MOULTRIE -- When an area like southwest Georgia has experienced more than 10 inches of rain in recent weeks, perhaps the subjects of water regulations and restrictions are far from the public's mind. But, lawmakers have that subject on their agenda as well as redistricting. And, the two may be related.

Redistricting and water use were the main topics discussed at the Young Farmer Legislative Dinner held Saturday at the Colquitt County Farm Bureau.

State House Representatives Austin Scott, Ed Rynders and Richard Royal addressed the crowd of about 30 people regarding those issues and farming representation in general. They also briefly discussed issues that affect the entire state.

Rynders and Royal said the state's redistricting battle would create fewer representatives in the rural areas of the state which may also impact decisions on water usage in Georgia. Rynders said the redistricting would remove Colquitt County from his district, and that disturbs him because of the relationships he has built in Colquitt County.

"Colquitt County is about 28 percent of my district, and more than likely, when the redistricting is done," Rynders said, "I will lose that. That causes me some concern, frankly, because I've developed such wonderful relationships over here with people that I can now smile and proudly call friends."

Royal said if the courts draw out the districts rather than the state Legislature, the representation of rural areas could be destroyed.

A question addressed to the representatives was related to the use of water meters being placed on wells and the consumption of surface water. Royal said that meters are now being voluntarily placed onto some wells, which the state pays for using the tobacco funding.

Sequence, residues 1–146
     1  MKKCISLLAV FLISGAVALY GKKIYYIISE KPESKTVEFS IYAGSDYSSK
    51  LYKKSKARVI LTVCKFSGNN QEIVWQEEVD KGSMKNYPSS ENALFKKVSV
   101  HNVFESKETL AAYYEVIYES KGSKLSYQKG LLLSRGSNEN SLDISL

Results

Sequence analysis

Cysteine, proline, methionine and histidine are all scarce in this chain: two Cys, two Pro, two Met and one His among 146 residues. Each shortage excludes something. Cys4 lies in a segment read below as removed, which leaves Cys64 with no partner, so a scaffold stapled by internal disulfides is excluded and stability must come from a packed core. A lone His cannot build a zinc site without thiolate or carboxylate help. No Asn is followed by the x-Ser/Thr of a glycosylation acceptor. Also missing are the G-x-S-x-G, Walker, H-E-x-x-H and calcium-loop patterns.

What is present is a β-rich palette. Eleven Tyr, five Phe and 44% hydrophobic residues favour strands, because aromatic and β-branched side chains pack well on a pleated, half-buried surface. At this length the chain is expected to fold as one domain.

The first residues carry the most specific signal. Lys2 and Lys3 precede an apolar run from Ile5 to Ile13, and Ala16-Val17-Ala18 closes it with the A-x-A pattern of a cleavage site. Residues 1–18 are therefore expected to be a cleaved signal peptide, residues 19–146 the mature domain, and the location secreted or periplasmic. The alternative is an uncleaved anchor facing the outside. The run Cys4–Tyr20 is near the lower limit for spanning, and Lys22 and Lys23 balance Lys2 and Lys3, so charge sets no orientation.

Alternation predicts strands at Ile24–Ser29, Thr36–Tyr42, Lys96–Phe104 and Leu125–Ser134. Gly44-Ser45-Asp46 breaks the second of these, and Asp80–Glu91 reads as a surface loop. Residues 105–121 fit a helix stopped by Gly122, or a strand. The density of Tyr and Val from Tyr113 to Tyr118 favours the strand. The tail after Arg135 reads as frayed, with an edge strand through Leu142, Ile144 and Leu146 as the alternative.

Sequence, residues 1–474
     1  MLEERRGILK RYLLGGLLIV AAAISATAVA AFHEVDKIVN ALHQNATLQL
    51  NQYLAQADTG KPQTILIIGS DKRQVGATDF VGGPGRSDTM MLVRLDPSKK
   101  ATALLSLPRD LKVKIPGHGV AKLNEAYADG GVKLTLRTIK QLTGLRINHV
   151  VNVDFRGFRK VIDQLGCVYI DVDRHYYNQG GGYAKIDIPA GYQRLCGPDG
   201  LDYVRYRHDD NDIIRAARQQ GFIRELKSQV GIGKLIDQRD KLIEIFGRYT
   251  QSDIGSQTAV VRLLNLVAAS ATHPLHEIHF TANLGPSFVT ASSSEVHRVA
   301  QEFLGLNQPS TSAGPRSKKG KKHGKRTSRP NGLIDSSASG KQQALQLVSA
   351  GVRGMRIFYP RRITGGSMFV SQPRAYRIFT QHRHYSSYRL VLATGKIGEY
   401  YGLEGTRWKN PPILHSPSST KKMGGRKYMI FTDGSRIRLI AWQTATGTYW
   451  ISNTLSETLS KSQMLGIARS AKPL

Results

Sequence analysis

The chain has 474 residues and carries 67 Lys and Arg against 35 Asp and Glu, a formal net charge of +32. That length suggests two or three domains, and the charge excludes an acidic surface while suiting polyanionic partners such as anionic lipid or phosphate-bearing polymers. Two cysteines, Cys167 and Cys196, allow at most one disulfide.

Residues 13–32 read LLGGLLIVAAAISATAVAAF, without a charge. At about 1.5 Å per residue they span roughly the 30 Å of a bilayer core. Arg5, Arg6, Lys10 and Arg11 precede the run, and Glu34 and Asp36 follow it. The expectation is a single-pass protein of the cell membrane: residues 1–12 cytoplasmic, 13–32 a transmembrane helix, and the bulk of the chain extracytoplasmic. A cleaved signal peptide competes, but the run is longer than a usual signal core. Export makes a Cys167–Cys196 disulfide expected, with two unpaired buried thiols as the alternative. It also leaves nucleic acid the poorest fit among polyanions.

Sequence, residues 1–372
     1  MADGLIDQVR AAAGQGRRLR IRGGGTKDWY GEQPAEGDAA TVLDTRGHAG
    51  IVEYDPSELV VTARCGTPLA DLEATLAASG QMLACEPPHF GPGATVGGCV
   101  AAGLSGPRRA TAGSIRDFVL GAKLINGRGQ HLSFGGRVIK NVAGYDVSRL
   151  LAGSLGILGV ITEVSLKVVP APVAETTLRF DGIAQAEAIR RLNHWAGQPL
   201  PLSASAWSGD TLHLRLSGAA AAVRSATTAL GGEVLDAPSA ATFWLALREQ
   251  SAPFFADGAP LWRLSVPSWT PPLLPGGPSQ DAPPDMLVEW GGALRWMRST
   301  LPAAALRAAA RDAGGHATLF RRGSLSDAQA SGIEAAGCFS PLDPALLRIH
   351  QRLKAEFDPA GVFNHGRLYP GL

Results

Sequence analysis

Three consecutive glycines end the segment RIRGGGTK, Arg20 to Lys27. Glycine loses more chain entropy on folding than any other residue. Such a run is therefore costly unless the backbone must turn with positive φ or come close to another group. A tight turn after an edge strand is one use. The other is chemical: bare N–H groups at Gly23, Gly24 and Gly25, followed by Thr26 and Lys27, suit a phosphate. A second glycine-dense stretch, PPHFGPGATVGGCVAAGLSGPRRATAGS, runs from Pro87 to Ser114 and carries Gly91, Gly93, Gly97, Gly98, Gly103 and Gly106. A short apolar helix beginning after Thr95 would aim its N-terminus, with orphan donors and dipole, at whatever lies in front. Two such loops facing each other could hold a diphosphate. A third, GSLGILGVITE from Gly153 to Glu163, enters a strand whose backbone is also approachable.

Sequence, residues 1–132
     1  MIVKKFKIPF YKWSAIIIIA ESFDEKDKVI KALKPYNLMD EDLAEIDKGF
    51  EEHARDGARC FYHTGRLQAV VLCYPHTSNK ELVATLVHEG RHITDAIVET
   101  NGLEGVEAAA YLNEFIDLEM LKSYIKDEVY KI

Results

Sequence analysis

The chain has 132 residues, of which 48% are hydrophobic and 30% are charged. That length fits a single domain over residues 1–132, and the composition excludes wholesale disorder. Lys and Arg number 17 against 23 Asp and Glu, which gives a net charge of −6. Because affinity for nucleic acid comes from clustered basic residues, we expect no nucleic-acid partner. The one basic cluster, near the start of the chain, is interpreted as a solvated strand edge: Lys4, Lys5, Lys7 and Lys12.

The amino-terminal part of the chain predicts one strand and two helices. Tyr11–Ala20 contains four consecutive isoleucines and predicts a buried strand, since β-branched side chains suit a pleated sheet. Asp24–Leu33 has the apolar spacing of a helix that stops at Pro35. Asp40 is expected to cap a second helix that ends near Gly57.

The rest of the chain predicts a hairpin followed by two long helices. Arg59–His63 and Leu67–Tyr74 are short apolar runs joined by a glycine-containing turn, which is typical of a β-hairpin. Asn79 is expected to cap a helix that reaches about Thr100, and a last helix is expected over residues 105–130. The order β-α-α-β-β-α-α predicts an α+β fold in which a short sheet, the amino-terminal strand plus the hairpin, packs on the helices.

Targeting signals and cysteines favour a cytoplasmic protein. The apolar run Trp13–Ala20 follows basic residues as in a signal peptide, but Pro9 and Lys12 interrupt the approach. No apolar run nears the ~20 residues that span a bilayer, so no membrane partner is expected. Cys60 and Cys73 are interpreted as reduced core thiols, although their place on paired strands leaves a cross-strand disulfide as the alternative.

"I think it's good we can get some scientific data that backs up how much water we are using because I think they're estimating we're using twice as much, especially ground water, than we're using," said Royal.

Royal said legislation was introduced this week placing limitations on interbasin transfers of water, which means water can't be taken from south Georgia and used in Atlanta.

Rynders said there is a lack of information among urban area legislators about how much water South Georgia needs for agriculture. He also expressed concern about measuring water use now because the state is not currently in a drought.

"I am not convinced they are sympathetic to the cause in terms of metering," Rynders said. "I am a little concerned that once we start metering and keeping up with (water usage), that 'Plan B' may be in the future allocation. I'm just concerned that we may not have the votes in the rural part of the state to stop anybody that may want to do that kind of allocation."

Scott said the water issues are vital regardless of political party affiliation. Water is more of a property issue, and people will have more interest in taking care of that water.

"We have to take care of our assets," Scott said. "I am not in favor of splitting the rights of water from the rights of property. Some people in agriculture have been working to make water a derivative of the property. I want to keep the two tied together."

All three representatives said they agreed the metering was important to show how much water is needed for agriculture.

Other topics discussed by the representatives were the search of items to cut from the $109 million needed to be trimmed from the budget, such as the retirement fund of the University of Georgia's College of Agriculture Extension Services. Also brought up was the need for health care reform at a national level, the passage of a poultry bill in the House and the potential of a governmental tobacco buyout.

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